Today: Intro to Modern CSS; Holiday prep; SQL learning; Design thinking thinking; It's the night before hearings, my fav time of the year; and Jim Ryan
|Sep 5||Public post|| 5|
Introducing Modern CSS
We’re doing it! This month I’ll be covering Modern CSS, with members receiving a post covering a new aspect of the subject every day. Not a member? Sign up for a 14-day trial here. Here’s an introduction:
But recently, things have changed in the world of Cascading Style Sheets. From CSS grid layout, the powerful but often misunderstood layout system, the powerful team of CSS+SVG, all the way to the controversial world of CSS-in-JS. Even I noticed.
The way I think of it: You know how Thor, as portrayed the Marvel Cinematic Universe, was always kinda dry–very powerful and reliable, but just… unexciting? And then in the last couple of movies he really let his hair down and became fun and interesting, and more powerful? That, but for front-end tech.
This month, I’ll be taking a look at this world in more depth (CSS, not the Avengers) and introducing you to the new, modern CSS. You’ll get a new post every day that’ll help you get to grips with its powerful (and fun and interesting) nature. At the end, you’ll get those compiled into an ebook you can keep!
I hope you join me. I promise it’ll be Marvel-ous! First post tomorrow!
If you’re not yet a member, sign up for a 14-day trial here.
I Need a Vacation from This Vacation
How to get your mobile site ready for the holiday season [smashingmagazine].
Use React path constants to prevent yourself going insane [medium/dailyjs].
An intro to render caching for React [css-tricks].
A comparison of the React and Vue ecosystems [vuejsdevelopers].
TypeScript and Babel make a cute couple [iamturns].
What’s new in Chrome 69 [developers.google], out now.
The X Factor
An interactive book on learning SQL [selectstarsql].
Resources for the excellent tmux utility [github/rothgar].
How to get feedback on your designs using design vetting [uxmovement].
Four ways to think like a designer [fastcompany].
Former Apple engineer Ken Kocienda released Creative Selection, a book about the design process at Apple [macstories]. He worked on Safari on the Mac and the touch keyboards on the iPhone and iPad, there will be some learnings!
A Trill’ Ride
Facebook, Google and Twitter are testifying to US lawmakers tomorrow about supposed suppression of conservative voices. A preview of what to expect [recode].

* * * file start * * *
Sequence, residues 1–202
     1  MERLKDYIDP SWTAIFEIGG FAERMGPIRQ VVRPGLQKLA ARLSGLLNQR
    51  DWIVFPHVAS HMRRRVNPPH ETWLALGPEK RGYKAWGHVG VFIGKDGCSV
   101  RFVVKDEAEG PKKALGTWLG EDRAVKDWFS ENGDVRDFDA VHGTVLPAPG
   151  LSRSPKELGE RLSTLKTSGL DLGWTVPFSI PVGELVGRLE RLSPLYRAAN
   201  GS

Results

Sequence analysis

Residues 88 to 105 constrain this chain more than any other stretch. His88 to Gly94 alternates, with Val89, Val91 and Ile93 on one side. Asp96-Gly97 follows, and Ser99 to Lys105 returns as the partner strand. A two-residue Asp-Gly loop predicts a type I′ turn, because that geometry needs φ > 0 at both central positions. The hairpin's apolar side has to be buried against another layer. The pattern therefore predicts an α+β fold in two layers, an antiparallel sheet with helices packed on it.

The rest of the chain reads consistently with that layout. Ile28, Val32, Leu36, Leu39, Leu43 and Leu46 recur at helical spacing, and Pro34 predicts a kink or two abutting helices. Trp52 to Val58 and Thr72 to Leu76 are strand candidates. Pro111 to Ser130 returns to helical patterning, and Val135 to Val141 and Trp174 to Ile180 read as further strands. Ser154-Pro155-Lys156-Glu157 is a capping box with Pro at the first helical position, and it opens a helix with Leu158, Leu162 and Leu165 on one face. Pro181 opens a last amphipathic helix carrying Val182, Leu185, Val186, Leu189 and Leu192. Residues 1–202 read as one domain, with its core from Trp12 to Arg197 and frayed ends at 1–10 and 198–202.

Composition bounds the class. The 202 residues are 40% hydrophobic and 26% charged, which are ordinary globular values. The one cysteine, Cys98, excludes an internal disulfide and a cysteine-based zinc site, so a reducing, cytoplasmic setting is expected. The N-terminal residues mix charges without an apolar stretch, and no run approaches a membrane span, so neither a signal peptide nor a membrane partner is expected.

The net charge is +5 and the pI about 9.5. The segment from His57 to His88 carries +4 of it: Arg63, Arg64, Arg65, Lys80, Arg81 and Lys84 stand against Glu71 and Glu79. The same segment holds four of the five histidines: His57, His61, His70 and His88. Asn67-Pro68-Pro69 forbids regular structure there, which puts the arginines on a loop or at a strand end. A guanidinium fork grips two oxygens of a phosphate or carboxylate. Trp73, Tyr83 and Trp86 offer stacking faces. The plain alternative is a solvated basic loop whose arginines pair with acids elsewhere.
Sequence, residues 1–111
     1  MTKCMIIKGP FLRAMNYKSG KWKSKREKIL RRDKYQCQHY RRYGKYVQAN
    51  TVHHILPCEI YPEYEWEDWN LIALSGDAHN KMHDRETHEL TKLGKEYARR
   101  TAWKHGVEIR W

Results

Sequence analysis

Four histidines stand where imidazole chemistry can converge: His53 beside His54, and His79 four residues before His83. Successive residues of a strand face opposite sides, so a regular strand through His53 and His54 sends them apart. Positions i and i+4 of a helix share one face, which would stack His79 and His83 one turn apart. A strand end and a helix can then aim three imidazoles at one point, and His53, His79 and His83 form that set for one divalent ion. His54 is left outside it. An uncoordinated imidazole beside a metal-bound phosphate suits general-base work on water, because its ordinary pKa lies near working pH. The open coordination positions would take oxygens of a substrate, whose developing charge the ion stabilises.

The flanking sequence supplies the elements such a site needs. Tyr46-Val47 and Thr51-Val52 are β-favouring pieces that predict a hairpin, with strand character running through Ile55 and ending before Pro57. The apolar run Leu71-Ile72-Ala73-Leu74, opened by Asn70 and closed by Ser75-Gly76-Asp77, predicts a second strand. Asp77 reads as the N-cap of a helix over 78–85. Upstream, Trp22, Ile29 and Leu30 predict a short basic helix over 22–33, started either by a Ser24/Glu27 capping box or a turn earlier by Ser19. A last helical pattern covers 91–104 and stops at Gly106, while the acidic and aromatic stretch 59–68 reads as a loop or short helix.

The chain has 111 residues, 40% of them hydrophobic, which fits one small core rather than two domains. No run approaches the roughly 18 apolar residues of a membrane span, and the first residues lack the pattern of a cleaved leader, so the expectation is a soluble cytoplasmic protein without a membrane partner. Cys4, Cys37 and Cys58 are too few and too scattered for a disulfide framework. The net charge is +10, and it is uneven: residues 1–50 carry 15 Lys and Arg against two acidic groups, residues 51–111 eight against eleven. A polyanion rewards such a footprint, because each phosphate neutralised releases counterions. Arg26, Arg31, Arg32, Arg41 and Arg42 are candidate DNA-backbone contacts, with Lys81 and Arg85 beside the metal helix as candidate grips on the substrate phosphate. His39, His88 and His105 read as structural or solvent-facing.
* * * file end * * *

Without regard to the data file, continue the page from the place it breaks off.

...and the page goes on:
Regarding FB, a couple of timely news stories ahead of this: How Facebook used the platform in his bloody Phillipine drug war [buzzfeednews], and how Facebook warriors play their part in Libyan conflict [nytimes].
A fun quiz from the New York Time: spot the deceptive Facebook post [nytimes]. I got 2/4, FYI. So I guess I’ve been slightly influenced and on an unrelated matter I’m now going to move to Russia.
Inside Facebook’s arms race to protect users ahead of the US midterm elections [nbcnews]. I hope they did better than 2/4!
Meanwhile, it’s very easy to buy political ads on Google, a group posing as Russian trolls discovered [buzzfeednews]. Wait, so their deceptive ads were themselves a deception? I think we’re in trouble, epistemologically-speaking.
Google is notifying people targeted by a secret FBI investigation [motherboard.vice].
Facebook’s building an Instagram shopping app [theverge].
Medium is deprecating custom domains [help.medium], so if your company’s content marketing strategy involves this… uhhh… do something else…
You Know the Dril
Everything else (apps, fun tools, gaming, culture, funny stuff)
Some hero is archiving metadata from all YouTube videos [motherboard.vice].
Speaking of YouTube, this professor can’t upload videos featuring public domain music by composers such as Bach and Puccini [arstechnica].
Finally, via Kottke, here’s the the Jack Ryan/Jim Halpert mash-up we all deserve.
Back with more tomorrow!
Curated by Adam